AASL Upcoming Webinars



Get Thinking! Making the Most of Your Library Time

See How to Challenge and Engage Learners, Expect More, and Support Academic Achievement

Tuesday, January 13, 2015
7:00 p.m. Eastern / 6:00 p.m. Central / 5:00 p.m. Mountain / 4:00 p.m. Pacific

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This generation will grow up and run the world, so let's get them thinking! The educational paradigm is shifting requiring us to move from rote and recall to rigor and research.  In this webinar, we'll share 10 examples of assignments, read-alouds, research essential questions and library activities that require students to think!  This will be a fun hour to contemplate whether you are tapping into our greatest asset--the Brain!

Presenters:

AASL member Paige Jaeger facilitates 84 libraries in the “upstate” New York region. She has been a librarian at both the elementary and secondary levels. Paige writes frequently for SLJ and other professional journals on topics such as the Common Core and Inquiry Based Learning. Her first book, co-authored with Mary Ratzer, was recently published by Libraries Unlimited: Rx for the Common Core: Toolbox for Inquiry Based Learning. Their next book, Think Tank Library, is due out in 2015. She herself is a Cybrarian and a lemon loaf aficionado.

 

 

AASL member Mary Boyd Ratzer is a professional development consultant who fosters inquiry-based learning and real-world strategies for the Common Core. Formerly she served as a teacher and school librarian at the Shenendehowa Central Schools in New York, and taught curriculum as an adjunct faculty at UAlbany’s Graduate School of Information Studies. Her published works include Libraries Unlimited’s Rx for the Common Core, forthcoming Think Tank Library, and the AASL Knowledge Quest article on the C3 Frameworks for Social Studies State Standards. Ratzer holds a master’s degree in library science and a master’s degree in the arts.

 

Attendance at the live webinar is open to all. Only AASL members and AASL eCOLLAB subscribers will have access to the webinar archive. A seat in the live webinar is guaranteed to the first 100 attendees. As a webinar registrant, you will receive follow up correspondence from AASL.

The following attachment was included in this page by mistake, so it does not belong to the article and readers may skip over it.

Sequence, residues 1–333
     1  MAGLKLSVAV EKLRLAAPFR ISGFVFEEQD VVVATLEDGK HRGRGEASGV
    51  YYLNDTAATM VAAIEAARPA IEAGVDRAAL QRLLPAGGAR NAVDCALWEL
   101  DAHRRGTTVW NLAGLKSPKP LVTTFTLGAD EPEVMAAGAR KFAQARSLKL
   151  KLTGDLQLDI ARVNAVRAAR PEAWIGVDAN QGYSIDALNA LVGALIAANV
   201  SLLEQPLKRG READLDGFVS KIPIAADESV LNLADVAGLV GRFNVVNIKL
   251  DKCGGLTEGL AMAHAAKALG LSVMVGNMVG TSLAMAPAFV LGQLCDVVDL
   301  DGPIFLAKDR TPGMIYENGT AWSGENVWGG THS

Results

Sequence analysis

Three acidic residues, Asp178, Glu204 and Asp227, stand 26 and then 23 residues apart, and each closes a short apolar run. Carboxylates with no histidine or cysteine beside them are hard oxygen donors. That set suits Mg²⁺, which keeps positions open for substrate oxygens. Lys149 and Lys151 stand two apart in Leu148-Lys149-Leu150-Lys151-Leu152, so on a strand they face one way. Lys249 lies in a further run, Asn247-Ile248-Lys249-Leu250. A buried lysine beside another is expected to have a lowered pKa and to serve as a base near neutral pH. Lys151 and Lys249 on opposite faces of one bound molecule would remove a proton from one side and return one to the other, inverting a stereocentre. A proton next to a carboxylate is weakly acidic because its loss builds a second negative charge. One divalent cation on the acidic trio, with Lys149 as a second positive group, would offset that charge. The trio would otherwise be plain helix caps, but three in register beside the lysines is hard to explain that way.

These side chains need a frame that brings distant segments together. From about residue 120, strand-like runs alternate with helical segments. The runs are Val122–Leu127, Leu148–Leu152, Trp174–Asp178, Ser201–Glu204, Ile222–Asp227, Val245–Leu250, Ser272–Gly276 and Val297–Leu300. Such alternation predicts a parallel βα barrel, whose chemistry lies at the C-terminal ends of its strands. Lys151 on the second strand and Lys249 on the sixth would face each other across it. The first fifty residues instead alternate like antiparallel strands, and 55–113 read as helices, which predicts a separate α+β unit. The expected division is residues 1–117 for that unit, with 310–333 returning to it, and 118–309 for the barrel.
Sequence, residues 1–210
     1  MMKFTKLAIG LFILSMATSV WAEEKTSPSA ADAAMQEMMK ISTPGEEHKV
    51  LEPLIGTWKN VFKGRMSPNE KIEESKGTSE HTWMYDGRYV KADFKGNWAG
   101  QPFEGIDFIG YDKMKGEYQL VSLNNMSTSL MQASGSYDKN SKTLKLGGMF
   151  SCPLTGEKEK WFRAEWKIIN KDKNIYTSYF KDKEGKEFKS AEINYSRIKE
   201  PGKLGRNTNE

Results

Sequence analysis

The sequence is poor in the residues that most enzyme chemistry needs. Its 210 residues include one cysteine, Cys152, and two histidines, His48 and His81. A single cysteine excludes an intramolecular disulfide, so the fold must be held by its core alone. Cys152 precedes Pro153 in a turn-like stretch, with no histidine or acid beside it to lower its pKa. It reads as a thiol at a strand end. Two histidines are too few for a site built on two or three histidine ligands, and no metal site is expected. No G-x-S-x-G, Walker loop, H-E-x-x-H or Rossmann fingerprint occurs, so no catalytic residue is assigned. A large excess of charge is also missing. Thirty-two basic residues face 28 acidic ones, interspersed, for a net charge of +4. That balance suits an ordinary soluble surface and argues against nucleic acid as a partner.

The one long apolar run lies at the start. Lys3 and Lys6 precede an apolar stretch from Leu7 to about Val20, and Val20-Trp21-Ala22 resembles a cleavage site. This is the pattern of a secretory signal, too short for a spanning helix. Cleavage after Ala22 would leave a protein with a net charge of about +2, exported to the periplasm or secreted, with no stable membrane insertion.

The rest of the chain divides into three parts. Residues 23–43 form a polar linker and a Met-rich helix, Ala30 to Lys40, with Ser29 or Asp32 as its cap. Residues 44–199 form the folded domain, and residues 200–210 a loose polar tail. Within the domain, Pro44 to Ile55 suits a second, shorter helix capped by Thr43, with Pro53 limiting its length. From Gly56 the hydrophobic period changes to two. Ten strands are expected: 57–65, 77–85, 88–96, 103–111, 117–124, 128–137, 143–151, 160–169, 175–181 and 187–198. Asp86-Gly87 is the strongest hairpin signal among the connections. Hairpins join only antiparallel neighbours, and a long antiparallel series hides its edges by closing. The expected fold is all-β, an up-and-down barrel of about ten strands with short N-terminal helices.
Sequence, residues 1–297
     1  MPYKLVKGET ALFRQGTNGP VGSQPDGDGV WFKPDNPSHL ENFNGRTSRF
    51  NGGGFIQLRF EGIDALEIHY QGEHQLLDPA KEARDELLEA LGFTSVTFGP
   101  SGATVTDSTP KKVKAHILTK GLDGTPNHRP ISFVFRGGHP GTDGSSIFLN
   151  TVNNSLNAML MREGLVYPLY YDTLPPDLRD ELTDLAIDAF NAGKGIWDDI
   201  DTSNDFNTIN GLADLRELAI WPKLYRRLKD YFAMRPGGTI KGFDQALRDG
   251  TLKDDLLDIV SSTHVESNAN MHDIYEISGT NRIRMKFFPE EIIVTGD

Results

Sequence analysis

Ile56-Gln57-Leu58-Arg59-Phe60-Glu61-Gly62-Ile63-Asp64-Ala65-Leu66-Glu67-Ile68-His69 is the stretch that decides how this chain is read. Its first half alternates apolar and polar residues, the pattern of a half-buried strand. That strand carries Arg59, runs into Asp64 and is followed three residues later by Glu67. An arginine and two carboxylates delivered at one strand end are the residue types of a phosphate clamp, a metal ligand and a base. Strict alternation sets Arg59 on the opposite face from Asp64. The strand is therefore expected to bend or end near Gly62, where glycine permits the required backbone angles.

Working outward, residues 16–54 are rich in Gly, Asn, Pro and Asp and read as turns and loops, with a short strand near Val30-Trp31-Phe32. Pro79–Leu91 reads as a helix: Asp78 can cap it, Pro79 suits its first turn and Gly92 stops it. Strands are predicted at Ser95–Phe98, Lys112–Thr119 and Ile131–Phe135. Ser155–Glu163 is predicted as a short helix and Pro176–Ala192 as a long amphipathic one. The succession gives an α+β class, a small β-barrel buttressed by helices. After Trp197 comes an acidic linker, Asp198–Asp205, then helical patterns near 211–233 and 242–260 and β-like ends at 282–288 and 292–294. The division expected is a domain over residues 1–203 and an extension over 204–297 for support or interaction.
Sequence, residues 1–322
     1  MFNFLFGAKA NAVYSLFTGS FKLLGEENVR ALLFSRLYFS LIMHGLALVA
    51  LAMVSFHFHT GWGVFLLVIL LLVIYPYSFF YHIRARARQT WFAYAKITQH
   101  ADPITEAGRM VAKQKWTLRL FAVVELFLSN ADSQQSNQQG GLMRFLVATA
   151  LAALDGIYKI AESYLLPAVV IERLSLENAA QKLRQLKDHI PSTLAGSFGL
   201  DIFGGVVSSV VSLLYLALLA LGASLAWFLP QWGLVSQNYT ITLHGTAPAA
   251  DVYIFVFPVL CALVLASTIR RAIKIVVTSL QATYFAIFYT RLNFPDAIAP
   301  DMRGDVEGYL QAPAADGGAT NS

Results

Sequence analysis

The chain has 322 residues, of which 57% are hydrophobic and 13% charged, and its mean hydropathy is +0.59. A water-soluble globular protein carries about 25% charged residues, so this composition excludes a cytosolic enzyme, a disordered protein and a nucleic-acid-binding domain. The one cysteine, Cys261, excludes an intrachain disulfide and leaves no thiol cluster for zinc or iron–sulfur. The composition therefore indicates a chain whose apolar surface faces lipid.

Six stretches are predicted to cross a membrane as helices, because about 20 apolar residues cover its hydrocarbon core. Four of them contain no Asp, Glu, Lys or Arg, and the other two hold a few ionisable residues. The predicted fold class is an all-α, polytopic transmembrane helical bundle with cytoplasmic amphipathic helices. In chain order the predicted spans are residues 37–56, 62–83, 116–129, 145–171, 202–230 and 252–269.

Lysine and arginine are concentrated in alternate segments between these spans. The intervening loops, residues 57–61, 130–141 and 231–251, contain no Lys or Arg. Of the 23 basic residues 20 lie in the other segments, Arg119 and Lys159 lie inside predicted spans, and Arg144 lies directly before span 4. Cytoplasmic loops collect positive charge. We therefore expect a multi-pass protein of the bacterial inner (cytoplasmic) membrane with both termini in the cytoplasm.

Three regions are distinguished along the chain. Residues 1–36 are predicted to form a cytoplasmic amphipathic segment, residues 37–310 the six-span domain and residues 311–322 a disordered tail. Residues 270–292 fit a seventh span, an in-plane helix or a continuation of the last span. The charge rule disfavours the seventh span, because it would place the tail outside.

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Rich Student, Poor Student, & the School Library

What the PISA Exam Tells Us about Our Value

Thursday, February 5, 2015
7:00 p.m. Eastern / 6:00 p.m. Central / 5:00 p.m. Mountain / 4:00 p.m. Pacific

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In the ideal picture, school and their resources, including school libraries, are intended to help level the playing field and make sure all American children are academically successful. In practice, we know this is not always the case, that schools in poor neighborhoods have fewer resources and more academic challenges. 

The Programme for International Student Assessment in 2009 looked at 15-year-old students’ library use and educational performance. This provides a snapshot into the material resources and backgrounds that students come from, and gives insight into challenges a school librarian might face in providing equitable services for all children. It also provides evidence that school library “adequacy” plays a role in student performance. 

The PISA exam also provides an opportunity to look at reading and technology use among teenagers, including what technologies they prefer to use for information, what they prefer to read, and how they use the library. PISA results give us some insight into both what our students know and what they do, and these may help school librarians shape their practice.